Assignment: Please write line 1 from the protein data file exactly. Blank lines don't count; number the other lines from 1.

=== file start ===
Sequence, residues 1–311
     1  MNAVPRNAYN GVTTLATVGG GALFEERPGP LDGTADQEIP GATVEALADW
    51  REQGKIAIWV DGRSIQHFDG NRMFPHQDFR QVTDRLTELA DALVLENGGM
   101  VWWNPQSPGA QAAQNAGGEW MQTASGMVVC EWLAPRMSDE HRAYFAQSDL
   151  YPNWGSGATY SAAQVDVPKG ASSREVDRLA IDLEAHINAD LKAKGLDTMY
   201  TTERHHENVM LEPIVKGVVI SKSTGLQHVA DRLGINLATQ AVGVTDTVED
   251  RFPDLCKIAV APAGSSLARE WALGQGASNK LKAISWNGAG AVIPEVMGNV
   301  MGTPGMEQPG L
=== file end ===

Sequence, residues 1–311